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Open Access Publications from the University of California

Testing galaxy formation and the nature of dark matter with satellite galaxies

  • Author(s): Nierenberg, Anna Mercedes
  • Advisor(s): Treu, Tommaso L
  • et al.
Abstract

The abundance of low mass halos is one of the key predictions of LCDM, which remains at apparent odds with observations of luminous structure. We present new measurements of the spatial distribution and the cumulative luminosity function of satellite galaxies up to a thousand times fainter than their hosts, as a function of host stellar mass and morphology between redshifts 0.1 and 0.8, using imaging from the GOODS and COSMOS fields in conjunction with a rigorous statistical analysis. We demonstrate how these measurements provide powerful new constraints for abundance matching and cosmological simulations in the context of both warm and cold dark matter, and how future measurements of faint satellite colors using CANDELS, will provide important distinguishing power between warm and cold dark matter models.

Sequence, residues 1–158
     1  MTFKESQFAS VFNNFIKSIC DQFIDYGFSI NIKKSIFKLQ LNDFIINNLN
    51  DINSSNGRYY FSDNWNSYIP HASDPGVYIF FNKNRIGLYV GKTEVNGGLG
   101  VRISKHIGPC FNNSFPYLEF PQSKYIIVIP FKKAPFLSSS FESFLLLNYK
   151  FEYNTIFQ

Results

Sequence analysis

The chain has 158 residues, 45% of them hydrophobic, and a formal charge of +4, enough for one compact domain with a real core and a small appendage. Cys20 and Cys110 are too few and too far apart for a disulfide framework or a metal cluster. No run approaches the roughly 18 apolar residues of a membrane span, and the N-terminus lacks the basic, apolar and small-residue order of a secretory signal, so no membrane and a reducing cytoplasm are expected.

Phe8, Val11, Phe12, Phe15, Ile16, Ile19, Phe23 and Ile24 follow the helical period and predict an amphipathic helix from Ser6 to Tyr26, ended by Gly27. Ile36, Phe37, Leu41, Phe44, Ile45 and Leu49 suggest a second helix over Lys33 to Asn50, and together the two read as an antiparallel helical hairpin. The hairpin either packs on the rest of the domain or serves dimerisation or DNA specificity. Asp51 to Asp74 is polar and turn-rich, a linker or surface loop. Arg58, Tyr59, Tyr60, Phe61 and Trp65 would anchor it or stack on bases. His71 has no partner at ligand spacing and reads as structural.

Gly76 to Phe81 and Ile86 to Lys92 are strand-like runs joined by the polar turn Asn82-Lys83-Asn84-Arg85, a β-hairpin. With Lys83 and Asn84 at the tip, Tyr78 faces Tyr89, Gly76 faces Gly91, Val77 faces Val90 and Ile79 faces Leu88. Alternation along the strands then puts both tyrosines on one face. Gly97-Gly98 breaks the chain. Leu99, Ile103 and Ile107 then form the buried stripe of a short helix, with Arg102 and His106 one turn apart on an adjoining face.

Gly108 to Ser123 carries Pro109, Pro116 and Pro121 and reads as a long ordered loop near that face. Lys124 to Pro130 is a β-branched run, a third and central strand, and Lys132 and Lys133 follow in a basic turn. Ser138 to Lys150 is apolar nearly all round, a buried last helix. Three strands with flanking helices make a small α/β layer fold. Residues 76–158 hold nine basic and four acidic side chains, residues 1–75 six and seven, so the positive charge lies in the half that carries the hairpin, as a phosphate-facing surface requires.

In addition, we present results from a complementary gravitational lens modeling project in which we use strongly lensed AGN narrow-line emission in order to detect dark matter subhalos, demonstrating a promising new method for measuring the subhalo mass function in thousands of lensed systems which will be discovered in ongoing and future optical surveys.

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